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Uncapping Graduate Medical Education

The Medicare system is the chief governmental source for graduate medical education (GME) funding. However, the number of Medicare-sponsored GME spots has been capped since 1997 at 94,000. Since that time, the number of Americans has risen by more than 50 million, with the number of Americans over age 65 expected to increase 36% during the next decade.

To meet the medical needs of an increasing and an increasingly aged population, the medical schools have responded by increasing class size. The Association of American Medical Colleges (AAMC) reports the number of first-year medical students at 16,488 in 2002, with an expected increase to 21,376 by 2016.

Despite this increase in medical students, the number of sponsored residency positions has not increased. The result is that the bottleneck for physician supply is in the number of residency positions. The American Medical Association (AMA) has estimated that the number of graduates of American medical and osteopathic schools will exceed the number of sponsored-residency positions by as soon as 2015.

Congressional Proposals

Three major proposals in Congress attempt to correct the situation: HR 1201, S 577, and HR 1180. Each of these bills calls for an increase of 15,000 Medicare-sponsored residency positions over a three-year period. Moreover, the bills encourage development of new residency positions in medical shortage areas, including primary care.

All three bills have been endorsed by the AAMC (Association of American Medical Colleges). As with so many bills in Congress, the chief obstacle is funding. Current funding for GME is $9.5 billion for 94,000 sponsored positions, or about $101,000 per position. If the same funding level is maintained, an additional $1.5 billion would be needed for the 15,000 additional positions.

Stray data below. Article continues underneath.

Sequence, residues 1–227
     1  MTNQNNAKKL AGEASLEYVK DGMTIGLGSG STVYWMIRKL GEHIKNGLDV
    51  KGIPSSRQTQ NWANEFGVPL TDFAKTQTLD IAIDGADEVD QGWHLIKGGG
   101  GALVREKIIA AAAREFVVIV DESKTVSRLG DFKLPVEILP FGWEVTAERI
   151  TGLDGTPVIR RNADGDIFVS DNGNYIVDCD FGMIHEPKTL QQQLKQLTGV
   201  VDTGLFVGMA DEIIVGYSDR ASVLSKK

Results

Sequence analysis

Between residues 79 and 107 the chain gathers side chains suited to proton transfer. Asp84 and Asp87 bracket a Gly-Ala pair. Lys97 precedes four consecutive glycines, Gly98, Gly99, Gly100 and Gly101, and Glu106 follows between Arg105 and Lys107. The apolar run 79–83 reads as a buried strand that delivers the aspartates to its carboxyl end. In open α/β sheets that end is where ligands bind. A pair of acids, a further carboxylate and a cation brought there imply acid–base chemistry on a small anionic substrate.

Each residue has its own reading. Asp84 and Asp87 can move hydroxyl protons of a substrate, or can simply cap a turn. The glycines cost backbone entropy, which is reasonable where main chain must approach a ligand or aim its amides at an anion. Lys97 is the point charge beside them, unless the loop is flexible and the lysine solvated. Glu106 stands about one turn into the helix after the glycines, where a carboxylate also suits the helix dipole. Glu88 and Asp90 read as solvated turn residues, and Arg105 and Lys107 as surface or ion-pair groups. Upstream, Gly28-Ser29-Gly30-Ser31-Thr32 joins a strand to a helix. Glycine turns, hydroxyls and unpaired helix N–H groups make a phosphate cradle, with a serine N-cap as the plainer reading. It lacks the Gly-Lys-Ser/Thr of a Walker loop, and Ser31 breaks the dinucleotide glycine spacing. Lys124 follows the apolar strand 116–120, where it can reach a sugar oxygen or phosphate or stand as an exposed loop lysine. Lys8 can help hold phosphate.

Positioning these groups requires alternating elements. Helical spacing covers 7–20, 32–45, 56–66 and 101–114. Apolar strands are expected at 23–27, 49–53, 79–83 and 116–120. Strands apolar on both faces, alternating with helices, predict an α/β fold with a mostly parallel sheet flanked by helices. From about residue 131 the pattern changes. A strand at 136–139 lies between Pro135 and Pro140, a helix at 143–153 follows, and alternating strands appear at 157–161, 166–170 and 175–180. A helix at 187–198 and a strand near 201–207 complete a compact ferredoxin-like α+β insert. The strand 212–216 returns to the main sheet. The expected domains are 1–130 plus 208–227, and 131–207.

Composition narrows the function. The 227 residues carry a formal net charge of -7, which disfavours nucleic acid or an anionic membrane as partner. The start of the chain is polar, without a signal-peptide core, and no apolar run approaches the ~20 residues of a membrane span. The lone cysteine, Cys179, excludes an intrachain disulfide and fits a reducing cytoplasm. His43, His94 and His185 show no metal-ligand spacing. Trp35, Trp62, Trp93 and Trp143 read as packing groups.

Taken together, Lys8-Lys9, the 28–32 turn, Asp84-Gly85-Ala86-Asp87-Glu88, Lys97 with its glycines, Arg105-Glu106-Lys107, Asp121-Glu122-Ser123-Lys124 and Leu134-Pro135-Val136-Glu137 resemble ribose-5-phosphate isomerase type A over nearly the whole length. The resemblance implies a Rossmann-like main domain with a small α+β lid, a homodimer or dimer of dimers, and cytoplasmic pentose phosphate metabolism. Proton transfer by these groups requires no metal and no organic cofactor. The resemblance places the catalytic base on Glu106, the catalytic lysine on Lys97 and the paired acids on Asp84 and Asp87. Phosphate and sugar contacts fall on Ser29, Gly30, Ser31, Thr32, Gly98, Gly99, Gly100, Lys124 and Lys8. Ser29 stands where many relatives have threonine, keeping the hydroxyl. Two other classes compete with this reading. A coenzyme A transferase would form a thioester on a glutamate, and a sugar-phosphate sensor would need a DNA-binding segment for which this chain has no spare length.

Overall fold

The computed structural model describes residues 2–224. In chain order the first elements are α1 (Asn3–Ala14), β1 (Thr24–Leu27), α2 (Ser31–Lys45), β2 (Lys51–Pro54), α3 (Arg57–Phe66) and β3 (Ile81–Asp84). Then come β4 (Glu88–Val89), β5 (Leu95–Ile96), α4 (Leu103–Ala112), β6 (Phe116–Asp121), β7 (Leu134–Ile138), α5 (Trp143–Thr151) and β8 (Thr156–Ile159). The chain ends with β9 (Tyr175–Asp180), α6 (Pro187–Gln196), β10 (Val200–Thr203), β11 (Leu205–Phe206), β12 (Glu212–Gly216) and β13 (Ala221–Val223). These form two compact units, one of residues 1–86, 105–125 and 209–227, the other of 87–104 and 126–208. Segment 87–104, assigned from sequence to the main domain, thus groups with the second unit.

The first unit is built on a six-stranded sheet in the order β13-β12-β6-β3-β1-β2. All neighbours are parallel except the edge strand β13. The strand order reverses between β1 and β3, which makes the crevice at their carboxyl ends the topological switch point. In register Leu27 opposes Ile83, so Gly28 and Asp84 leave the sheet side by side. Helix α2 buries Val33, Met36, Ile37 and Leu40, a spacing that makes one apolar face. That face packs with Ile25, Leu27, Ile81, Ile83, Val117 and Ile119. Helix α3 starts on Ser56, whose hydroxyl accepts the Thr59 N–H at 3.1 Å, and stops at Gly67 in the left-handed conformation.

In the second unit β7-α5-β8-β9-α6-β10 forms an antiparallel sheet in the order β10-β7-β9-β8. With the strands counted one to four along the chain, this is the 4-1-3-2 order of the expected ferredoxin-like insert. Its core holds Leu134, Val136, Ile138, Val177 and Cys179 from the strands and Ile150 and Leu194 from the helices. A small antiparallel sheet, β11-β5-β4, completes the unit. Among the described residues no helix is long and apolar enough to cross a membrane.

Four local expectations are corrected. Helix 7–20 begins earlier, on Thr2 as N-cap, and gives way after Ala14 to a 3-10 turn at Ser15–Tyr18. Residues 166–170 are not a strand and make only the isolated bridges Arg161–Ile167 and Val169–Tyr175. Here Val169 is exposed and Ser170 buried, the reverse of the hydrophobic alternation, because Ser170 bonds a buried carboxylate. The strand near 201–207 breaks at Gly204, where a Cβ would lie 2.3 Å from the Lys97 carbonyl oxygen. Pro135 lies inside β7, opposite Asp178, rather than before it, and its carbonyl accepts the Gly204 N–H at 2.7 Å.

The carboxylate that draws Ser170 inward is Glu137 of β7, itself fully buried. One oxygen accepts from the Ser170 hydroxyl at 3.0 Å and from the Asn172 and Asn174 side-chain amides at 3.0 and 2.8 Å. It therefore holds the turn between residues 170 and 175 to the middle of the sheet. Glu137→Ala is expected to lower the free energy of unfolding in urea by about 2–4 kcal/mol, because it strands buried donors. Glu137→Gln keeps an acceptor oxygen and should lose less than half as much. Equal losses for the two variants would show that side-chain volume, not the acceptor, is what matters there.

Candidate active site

In Congress there are also discussions about scope of practice issues. Many legislators view the problem of physician shortages in the broader context of physician numbers and the workforce effects of physician extenders.

CMS/ISMS Efforts

Uncapping GME has been one of the key advocacy efforts of the Chicago Medical Society (CMS) and the Illinois State Medical Society (ISMS). Society leaders traveled to Washington, DC, in February and July 2013, to discuss the matter with the Illinois Congressional delegation. The second trip also included Dimitri Azar, MD, Dean, UIC College of Medicine.

Congressional leaders have encouraged the major state medical societies and medical schools to formulate common positions about GME that could then be distributed to the Illinois Congressional delegation.

Medical students are also active in letter writing campaigns, emphasizing that increased GME would help meet our workforce needs. The students also have the unique perspective of being saddled with significant levels of debt and the anxiety of not knowing whether a residency position will be available when they graduate. Bloomberg News reported that the 2012 median medical school graduate debt was $170,000.

The Chicago Medical Society and the Illinois State Medical Society recognize that the GME residency caps of 1997 are too low to meet the increasing demand for physician services. The Societies encourage an additional 15,000 Medicare-sponsored residency positions, with an emphasis on medical shortage areas, including primary care. Future publications will update you on this issue as it winds its way through Congress.

Robert W. Panton, MD
President, Chicago Medical Society

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